Photo © Ricardo Gomez Angel
Canada has signed a new Trans-Pacific Partnership (TPP) with ten countries. Without the United States. Canadian negotiators have counteracted the cultural intrusion that the previous agreement sanctioned in order to maintain cultural exception. There is hope that the threat to the cultural policies of Quebec and Canada and Canadian cultural sovereignty is protected in the tentative agreement for a new version of the Trans-Pacific Partnership (TPP) signed in march 2018 in Santiago, Chili. The Minister of Heritage has announced that this treaty with eleven partners includes a clause protecting national cultural policies.
Canada pushed to change provisions relating to culture and French-language rights. It said the other 10 countries did “affirm the right of each party to preserve, develop and implement its cultural policies.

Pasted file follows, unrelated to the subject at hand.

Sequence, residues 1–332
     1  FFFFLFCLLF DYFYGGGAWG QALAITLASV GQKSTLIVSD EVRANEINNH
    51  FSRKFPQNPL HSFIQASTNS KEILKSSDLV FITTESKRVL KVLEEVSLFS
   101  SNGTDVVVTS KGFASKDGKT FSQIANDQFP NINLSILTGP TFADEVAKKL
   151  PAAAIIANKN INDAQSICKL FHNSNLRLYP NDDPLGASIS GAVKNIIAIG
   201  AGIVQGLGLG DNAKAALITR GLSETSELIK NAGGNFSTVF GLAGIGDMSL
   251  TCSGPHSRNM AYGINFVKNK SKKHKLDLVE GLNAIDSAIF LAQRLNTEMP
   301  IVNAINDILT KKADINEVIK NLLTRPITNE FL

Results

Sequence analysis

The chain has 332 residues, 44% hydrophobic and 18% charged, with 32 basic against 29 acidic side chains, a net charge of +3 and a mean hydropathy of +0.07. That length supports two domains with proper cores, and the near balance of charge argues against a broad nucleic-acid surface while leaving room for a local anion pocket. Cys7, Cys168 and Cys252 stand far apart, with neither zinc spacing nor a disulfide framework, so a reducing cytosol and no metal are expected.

The revised deal, officially known as the Comprehensive and Progressive Agreement for Trans-Pacific Partnership, is the first time a Canadian trade deal has included cultural exemptions that specifically include web content, says Melanie Joly. Notably, the deal REAFFIRMS the importance of promoting corporate social responsibility, cultural identity and diversity, as the importance of preserving their right to regulate in the public interest.
Affichage: News Article
Image mise en avant: https://cdec-cdce.org/wp-content/uploads/2018/05/CPTTP.jpg